'Summer still holding tough' for much of Canada

Physically exhausting humidity and record-breaking temperatures have taken over much of Canada for the beginning of August, but there are very few signs an extended break in heat is coming for central and eastern parts of the country.

The Maritimes have experienced unprecedented, “relentless” heat and humidityHalifax, for example, has seen maximum temperature of 25 degrees Celsius for more than two weeks, while Charlottetown has experienced humidex temperatures of 30 degrees Celsius or higher.

Brett Anderson, senior meteorologist with AccuWeather, said the extreme heat in Atlantic Canada is due to a Bermuda High sitting unusually far north, closer to the Maritimes.

As the name suggests, a Bermuda High is a high atmospheric pressure area usually centred around the Caribbean island from which it gets its name. These systems are frequently responsible for extended periods of heat in the spring and summer.

“It does look like that Bermuda High is going to weaken a little bit by later this week,” Anderson told Yahoo Canada News. “That will allow slightly cooler air to work its way in later this week.”

Despite this cooler air coming into the region, Anderson said temperatures will heat up. He said they will be significantly above normal again early next week.

People enjoy the sun at Woodbine Beach in Toronto on Tuesday, June 19, 2018. THE CANADIAN PRESS/ Tijana Martin

Ontario and Quebec

Intense humidity will continue through mid-week in Ontario and Quebec, with breaks coming Friday and Saturday, Anderson said. The provinces won’t see any record high temperatures, he said.

Anderson said temperatures in southern Ontario will be fairly normal, or slightly above normal, until Thursday. Meanwhile, Quebec and northeastern Ontario will see temperatures around two to four degrees Celsius above normal until things start to cool down slightly on Friday.

“The big noticeable changes will be the decrease in humidity in the areas… late this week,” Anderson said. “Temperatures overall are probably still going to be averaging a little bit above normal across most of Ontario, into Quebec, through the weekend.”

As we get into early next week, Anderson said it’s going to be particularly hot again in much of Ontario and Quebec, with temperatures three to six degrees Celsius above normal.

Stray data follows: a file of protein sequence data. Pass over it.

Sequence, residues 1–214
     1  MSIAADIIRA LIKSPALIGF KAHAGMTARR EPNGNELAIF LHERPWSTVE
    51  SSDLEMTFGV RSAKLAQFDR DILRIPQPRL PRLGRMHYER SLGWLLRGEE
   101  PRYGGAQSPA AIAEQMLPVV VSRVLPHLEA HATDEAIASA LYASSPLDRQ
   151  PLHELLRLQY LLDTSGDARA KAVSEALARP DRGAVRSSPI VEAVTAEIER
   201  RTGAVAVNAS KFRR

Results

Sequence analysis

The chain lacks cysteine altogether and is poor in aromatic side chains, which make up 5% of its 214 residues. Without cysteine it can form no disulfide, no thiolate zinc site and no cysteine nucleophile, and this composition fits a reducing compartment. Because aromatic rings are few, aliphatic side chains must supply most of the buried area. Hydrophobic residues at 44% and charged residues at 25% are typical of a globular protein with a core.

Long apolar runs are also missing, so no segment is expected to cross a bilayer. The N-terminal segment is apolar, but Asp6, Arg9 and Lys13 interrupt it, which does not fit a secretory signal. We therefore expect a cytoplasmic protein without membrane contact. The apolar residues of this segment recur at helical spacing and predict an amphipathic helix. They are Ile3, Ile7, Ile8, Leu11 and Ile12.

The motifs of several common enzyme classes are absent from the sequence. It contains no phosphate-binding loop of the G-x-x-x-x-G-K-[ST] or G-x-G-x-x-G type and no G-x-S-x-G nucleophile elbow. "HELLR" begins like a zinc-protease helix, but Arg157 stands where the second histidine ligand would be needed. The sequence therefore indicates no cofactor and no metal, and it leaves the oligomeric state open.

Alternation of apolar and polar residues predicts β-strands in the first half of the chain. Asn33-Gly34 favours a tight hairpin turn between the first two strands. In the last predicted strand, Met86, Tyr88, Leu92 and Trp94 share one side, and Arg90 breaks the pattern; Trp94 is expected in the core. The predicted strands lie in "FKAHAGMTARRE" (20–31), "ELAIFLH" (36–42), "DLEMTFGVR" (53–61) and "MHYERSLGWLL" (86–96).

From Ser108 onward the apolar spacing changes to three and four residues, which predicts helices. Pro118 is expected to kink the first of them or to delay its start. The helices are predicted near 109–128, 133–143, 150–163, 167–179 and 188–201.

AccuWeather’s senior meteorologist also pointed out storms across the provinces Tuesday and Wednesday could be locally heavy from southern Ontario to southern Quebec, but it won’t stop the heat from coming again next week.

“Summer’s still holding tough across much of eastern Canada here as we get into next week,” Anderson said.

The lightning-ignited Wardle wildfire in Kootenay National Park near Highway 93S, looking south in the Vermilion valley is shown in an Aug.1, 2018 handout photo. There’s no immediate relief in the weather forecast for crews battling hundreds of wildfires in British Columbia. THE CANADIAN PRESS/HO-Parks Canada

Western Canada

Although western Canada has been “really ridiculously hot,” there are signs the region will be cooling down toward the weekend and into next week, Anderson said.

“That heat is going to shift eastward, getting into eastern Canada probably starting early next week,” he said.

Southern British Columbia and parts of southwestern Alberta have been struggling with heat, in addition to widespread smoke and decreased air quality with wildfire season intensifying. International crews from Mexico, New Zealand and Australia are arriving in B.C. to help combat the wildfires.

“They are going to get… a decent storm coming in Friday night into Saturday across southern B.C. into parts of Alberta, so that’s going to bring some rain and cooler air,” Anderson said.

“But again, these are huge fires in some areas. A storm like this is just going to put a minor dent in there, but every little bit helps.”

Anderson said when the rain in the region moves out, there will be more comfortable conditions coming in across B.C. and Alberta, with improvements to air quality as the smoke gets more dispersed.